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Five underrated towns you can visit in a day from Vienna

Vienna is well located for trips to large cities in Austria and other neighbouring countries, but don't neglect the historic and beautiful small towns you can also visit for the day.

Vineyard Krems
One of the advantages of living abroad is the chance to explore your new country at a slow pace. Photo: Patrick Langwallner/Unsplash

With plenty of train connections to Salzburg, Graz and Hallstatt, not to mention Bratislava, Budapest and Prague, you’re spoilt for choice if you ever want to get out of the Austrian capital.

But alongside these tourist hotspots, living in Vienna allows you to explore the country at a slower pace and take time to appreciate the smaller towns along the route. Here are five which are worth taking a day to visit.

Baden bei Wien 

Baden has been a popular excursion for centuries thanks to its hot springs, and as well as warming up in the water, it works as a good starting point for hikes and bike rides through summer and autumn, while another draw of the town is its casino. You can also soak up some of the history by visiting the Kaiser-Franz-Josef Museum (which also has a good cafe with gorgeous views).

Spot the Kaiserhaus in the main square where Emperor Franz I used to holiday, and stroll through the Kurpark for a Mediterranean vibe with its flowers and options for both short and long walks to beautiful viewpoints.

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How to get there: Trains run direct to Baden from the Hauptbahnhof, lasting around half an hour, or take the tram (Badner Bahn) lasting around an hour from the Opera.

Don’t miss: The main event are the sulphurous mineral springs. You have two options: the outdoor Thermalstrandbad in the summer season (day tickets for adults are €10.10 on weekdays and €11.70 on weekends, with a tiny discount if you start your visit after 1om) or the Römertherme (for adults, the price for three hours is € 15.60 on weekdays and €17.90 on Sundays and public holidays, but you get a discount of around a third by visiting after 6pm. Students and children also enter at a lower price).

Eat and drink: Wine lovers should visit the Badener Hauervinothek, where you can sample and learn about a huge variety of local wines.

Krems an der Donau

One of the prettiest and most historic towns along the Danube, Krems is a must if you’re living in Vienna or even having an extended visit there. 

Medieval meets modern with the city’s Kunstmeile or Art Mile housing museums that showcase art from caricatures (at the Karikaturmuseum) to contemporary (at Kunsthalle Krems) and classic (at the changing exhibitions of the Landesgalerie Niederösterreich or Lower Austria State Gallery). If you’re an art fan, get the combi ticket to visit all eight sites on the street.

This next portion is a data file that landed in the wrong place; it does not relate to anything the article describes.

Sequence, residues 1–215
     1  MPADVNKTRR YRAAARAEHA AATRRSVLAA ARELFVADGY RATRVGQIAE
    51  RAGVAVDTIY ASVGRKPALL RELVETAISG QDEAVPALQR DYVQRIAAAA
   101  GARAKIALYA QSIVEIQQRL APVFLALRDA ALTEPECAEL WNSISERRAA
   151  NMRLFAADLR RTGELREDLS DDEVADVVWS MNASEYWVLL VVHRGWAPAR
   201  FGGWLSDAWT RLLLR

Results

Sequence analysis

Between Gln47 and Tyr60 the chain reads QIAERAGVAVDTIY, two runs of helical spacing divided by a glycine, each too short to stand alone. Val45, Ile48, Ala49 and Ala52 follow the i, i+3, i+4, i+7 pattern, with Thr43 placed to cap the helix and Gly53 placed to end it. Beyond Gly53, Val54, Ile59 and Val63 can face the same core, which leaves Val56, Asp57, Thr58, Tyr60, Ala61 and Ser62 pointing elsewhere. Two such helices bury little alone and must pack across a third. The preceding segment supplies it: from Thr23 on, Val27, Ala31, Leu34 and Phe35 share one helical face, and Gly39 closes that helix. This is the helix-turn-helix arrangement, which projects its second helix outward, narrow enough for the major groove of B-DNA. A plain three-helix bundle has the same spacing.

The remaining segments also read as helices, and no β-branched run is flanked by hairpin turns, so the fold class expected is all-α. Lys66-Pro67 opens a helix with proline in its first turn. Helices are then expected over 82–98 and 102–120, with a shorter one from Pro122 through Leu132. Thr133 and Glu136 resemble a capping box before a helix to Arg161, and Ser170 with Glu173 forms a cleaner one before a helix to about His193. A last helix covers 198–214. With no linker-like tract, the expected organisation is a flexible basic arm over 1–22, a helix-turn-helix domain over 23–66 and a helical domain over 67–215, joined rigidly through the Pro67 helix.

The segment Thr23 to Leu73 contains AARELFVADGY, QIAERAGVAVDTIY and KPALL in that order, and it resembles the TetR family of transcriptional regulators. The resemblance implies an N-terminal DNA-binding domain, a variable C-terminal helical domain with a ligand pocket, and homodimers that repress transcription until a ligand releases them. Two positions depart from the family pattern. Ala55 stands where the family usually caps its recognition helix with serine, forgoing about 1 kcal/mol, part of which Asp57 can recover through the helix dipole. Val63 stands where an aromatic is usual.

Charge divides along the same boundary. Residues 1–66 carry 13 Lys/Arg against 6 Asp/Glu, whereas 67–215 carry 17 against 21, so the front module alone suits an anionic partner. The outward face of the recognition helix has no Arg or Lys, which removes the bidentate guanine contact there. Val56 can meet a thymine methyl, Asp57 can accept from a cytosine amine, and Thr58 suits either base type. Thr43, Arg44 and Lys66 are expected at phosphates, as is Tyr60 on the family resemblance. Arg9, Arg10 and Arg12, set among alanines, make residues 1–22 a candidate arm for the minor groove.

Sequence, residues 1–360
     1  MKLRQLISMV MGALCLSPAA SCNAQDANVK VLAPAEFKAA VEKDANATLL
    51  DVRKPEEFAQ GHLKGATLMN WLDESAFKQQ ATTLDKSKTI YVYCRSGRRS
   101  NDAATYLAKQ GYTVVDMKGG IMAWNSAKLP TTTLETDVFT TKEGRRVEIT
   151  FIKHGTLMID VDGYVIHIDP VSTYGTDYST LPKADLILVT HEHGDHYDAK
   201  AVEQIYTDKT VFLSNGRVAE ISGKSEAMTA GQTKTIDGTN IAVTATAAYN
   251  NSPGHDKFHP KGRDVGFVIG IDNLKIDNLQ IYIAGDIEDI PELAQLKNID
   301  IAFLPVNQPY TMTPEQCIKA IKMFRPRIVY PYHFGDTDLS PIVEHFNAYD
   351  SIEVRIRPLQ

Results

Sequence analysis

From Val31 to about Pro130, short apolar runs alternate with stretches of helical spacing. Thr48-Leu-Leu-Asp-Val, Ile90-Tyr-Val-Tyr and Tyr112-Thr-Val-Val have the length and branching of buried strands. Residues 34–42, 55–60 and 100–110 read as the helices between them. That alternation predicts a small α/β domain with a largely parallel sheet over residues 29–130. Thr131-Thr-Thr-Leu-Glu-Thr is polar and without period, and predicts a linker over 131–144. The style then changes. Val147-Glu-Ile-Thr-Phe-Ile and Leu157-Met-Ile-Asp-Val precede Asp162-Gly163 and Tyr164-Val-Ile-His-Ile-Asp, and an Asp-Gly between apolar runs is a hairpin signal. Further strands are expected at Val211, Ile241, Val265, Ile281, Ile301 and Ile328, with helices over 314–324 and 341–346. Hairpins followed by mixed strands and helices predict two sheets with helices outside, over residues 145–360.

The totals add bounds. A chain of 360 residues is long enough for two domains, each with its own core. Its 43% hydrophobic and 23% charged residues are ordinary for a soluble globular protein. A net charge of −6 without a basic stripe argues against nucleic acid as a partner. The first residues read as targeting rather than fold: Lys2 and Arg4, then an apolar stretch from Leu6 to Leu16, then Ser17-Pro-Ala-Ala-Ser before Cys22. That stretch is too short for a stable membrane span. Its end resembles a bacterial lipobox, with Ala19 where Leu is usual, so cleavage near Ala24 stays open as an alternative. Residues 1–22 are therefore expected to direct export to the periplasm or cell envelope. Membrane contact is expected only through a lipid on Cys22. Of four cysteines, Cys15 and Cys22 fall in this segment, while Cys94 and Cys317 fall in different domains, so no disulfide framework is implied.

If you have enough time for an overnight stay (perhaps at the Steinberger spa hotel), during the summer months a trip further along the Danube to Melk with its abbey and cobbled streets, the ruins of Dürnstein or the fairytale Aggstein Castle is highly recommended. Melk and Krems could be done in a day, taking advantage of the boats through the summer (just make sure to get to Melk first in that case, as the fast current of the Danube means the journey is much slower in the other direction).

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How to get there: From Franz-Josefs-Bahnhof there are regular direct trains taking just over an hour.

Don’t miss: Sampling apricot schnaps, wine, strudel, or any number of other delights you can find featuring the fruit this area is famous for.

Eat and drink: Step back in time at the Cafe-Konditorei Hagmann (which serves a variety of apricot-flavoured cakes) and Gasthaus Jell for authentic Austrian fare. For more modern dishes, try the Poldi Fitzka in the State Gallery, and excellent views of the city are to be had at the upmarket restaurant Gozzo by Late — go at lunchtime for a more affordable version of the menu.


The closest town on this list, Klosterneuburg’s big draw is its monastery, 900 years old with a claim to having the country’s oldest winery.

It’s a very sleepy town, but a nice change from th bustle of Vienna. Families with children can also try Happyland, a sports centre with facilities including pools, a climbing gym, and an ice rink, while active travellers can hike from Vienna to enjoy the views along the way.

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How to get there: You can take the S40 train or Bus 239 to Klosterneuburg from Heiligenstadt on the U4, which takes a little over ten minutes.

Alternatively, the hike there is a steep but scenic route. From Heiligenstadt station, it takes about an hour to climb up the hill to the panoramic terrace at Kahlenberg, and then another hour to walk down to Klosterneuburg (through a beautiful residential neighbourhood), but you will want to budget in time for photos along the way.